According to Warren Buffet, the best way to diversify is through low cost, passive index funds like the S&P 500 (the top 500 companies in the US, e.g. Apple, Amazon, Google), or the NZX 50 (the top 50 companies in New Zealand, e.g. Air New Zealand, The Warehouse Group). 

7. What's your best saving tip?

To wait a few days before buying something I want. 

If I forget about it, I clearly didn’t need it. If it's still on my mind, it's something that's likely to add value to my life.  

This strategy has helped me to avoid splurging on things. The wait also helps me appreciate the item more.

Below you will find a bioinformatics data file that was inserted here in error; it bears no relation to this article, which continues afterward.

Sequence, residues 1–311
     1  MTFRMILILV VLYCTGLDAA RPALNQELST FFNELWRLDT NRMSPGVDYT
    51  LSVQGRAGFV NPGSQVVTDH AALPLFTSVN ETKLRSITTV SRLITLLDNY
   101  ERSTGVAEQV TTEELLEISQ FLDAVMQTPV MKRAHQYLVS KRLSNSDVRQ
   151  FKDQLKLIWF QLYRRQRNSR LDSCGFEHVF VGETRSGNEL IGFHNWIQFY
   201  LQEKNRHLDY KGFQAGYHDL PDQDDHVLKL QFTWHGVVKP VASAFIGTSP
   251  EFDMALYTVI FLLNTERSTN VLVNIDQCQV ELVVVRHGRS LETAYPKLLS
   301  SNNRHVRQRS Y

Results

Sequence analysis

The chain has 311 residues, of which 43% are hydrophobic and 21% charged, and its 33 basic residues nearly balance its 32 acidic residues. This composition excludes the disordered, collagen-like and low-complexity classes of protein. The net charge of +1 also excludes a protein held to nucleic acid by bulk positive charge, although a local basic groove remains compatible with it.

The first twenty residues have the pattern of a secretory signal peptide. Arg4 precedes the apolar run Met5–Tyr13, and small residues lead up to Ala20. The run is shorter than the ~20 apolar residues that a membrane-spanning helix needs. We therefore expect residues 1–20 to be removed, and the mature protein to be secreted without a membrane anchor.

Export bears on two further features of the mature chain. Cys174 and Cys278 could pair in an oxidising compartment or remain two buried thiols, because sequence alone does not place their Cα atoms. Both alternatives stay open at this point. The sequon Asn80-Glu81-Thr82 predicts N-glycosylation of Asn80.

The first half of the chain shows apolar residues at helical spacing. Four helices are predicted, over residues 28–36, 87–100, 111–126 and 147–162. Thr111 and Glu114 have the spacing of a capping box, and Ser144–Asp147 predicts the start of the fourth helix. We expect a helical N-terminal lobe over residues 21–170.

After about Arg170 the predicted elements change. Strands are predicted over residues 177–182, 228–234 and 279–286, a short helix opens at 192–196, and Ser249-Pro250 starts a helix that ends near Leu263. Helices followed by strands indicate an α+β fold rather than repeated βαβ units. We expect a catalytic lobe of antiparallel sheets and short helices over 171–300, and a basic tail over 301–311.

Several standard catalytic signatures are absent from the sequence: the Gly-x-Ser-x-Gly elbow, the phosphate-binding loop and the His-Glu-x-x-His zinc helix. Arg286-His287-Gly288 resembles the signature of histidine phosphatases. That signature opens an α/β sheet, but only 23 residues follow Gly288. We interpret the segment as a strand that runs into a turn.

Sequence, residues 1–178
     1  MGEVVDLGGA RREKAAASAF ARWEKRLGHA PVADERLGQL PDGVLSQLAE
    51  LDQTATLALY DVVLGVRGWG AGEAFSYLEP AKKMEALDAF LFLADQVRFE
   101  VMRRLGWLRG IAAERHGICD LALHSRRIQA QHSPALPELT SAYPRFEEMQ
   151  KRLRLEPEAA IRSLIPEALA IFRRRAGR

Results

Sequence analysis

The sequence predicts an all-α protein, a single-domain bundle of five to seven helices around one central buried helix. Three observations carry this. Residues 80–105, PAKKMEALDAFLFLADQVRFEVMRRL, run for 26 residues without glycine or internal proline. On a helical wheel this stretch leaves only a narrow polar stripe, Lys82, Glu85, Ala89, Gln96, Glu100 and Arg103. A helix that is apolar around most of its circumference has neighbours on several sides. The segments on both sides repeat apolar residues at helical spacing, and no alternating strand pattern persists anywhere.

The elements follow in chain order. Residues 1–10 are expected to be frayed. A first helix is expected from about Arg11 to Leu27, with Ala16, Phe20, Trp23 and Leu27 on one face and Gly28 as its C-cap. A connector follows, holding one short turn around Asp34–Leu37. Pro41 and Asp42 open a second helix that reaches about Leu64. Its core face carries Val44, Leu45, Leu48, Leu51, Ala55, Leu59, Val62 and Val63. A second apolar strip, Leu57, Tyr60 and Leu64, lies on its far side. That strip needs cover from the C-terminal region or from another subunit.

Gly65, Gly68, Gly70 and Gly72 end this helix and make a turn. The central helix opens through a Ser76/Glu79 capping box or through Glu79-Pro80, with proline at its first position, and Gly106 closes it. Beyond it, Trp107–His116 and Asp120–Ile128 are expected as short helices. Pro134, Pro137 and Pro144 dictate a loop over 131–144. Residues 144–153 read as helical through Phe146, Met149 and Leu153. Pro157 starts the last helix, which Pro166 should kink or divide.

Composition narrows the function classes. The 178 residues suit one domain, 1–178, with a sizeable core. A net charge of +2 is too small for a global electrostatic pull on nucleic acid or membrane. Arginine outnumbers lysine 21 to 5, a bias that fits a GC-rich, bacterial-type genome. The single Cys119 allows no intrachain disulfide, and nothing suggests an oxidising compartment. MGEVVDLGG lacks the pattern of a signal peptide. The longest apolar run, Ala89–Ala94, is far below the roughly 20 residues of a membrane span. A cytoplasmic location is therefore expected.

8. The best money advice someone's ever given you?

To avoid lifestyle creep.

This is the concept that the more a person earns, the more they spend: they don't save and invest any more than before.

The idea is for people to always spend less than they earn and invest the rest. At university, I remember reading about how a lecturer explained to his students not to go out and buy a flashy car with their first paycheck, but to continue 'living like a student' for the first few years.

In my first year out of university, I flatted with university students, which unintentionally helped me spend like a student. 

I saved a significant chunk of my income. It was the best piece of advice I've ever been given.  

 The views expressed in this article are personal and are not professional financial advice.